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Ousted Egyptian President Mohamed Morsi appeared before a court in Cairo on murder charges and immediately was defiant, rejecting its authority. He denounced the latest confrontation in the military’s attempt to consolidate power after deposing the Muslim Brotherhood and engaging in a bloody crackdown.
Appearing together with 14 other members of the Muslim Brotherhood, Morsi refused to wear a prisoner’s uniform and when asked to state his name for the court issued a defiant response. Morsi declared, “I am Dr. Mohamed Morsi, the president of the republic. I am Egypt’s legitimate president. You have no right to conduct a trial into presidential matters.”
Further rejecting the court’s legitimacy, Morsi began demanding “coup” leaders be prosecuted. Morsi’s appearance marks the first time the ousted former president has been seen in public since being removed from power by the military on July 3.
Egyptian authorities have charged Morsi with “inciting his supporters to carry out premeditated murder, and inciting the use of violence and thuggery” in connection with the deaths of ten people in December, 2012. The trial will reconvene Jan. 8.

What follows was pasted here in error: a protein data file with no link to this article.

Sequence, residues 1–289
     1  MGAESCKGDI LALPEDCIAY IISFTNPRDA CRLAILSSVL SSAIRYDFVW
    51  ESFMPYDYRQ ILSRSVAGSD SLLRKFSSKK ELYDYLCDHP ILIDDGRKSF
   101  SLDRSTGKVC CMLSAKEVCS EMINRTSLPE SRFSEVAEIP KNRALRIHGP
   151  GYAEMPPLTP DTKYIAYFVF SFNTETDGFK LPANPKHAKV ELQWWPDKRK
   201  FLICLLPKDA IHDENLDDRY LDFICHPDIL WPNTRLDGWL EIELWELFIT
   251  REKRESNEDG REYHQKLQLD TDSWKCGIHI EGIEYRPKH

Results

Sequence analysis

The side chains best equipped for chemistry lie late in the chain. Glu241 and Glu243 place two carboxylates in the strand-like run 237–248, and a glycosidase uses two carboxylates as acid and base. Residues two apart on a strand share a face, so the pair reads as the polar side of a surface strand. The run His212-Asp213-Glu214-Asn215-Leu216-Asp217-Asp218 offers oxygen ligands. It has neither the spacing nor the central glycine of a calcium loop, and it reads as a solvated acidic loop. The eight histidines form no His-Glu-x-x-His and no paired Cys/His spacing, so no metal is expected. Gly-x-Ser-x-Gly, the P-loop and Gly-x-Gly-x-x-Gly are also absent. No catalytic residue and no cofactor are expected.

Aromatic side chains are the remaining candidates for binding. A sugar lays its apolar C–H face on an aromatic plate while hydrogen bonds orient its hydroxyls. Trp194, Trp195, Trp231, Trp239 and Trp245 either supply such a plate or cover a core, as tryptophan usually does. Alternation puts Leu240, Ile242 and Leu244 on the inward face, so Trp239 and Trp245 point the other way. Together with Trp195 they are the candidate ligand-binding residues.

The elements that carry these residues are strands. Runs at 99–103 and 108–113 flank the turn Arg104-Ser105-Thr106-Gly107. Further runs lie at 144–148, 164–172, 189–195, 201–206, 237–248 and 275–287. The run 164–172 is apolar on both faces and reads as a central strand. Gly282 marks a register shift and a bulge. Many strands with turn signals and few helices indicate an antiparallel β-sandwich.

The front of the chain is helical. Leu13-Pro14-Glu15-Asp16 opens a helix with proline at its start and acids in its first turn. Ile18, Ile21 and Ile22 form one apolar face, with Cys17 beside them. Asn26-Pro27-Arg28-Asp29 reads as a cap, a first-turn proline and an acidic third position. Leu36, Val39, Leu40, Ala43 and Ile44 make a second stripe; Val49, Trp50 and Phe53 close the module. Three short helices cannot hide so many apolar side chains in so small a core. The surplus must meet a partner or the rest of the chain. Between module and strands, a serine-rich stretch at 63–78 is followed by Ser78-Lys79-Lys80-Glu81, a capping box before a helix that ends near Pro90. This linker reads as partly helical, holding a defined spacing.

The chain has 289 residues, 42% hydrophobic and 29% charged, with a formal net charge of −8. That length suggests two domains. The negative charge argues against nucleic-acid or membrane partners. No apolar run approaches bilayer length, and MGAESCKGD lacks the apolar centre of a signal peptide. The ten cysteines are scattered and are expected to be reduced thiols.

In Cairo on Sunday, Secretary of State John Kerry urged Egypt’s generals to keep on track to restoring democracy in Egypt, but there was little indication that the United States is trying to distance itself from the country’s military government.
“There are questions we have here and there about one thing or another,” Kerry said in a press conference with his Egyptian counterpart. “I think it’s important for all of us, until proven otherwise, to accept that this is the track Egypt is on and to work to help it to be able to achieve that.”
According to State Department officials who spoke with the New York Times, while Kerry urged the Egyptian government not to carry out politically motivated arrests, he did not mention Morsi in his meetings with Egyptian officials, which included the ever-powerful Minister of Defense, General Abdul-Fattah el-Sisi.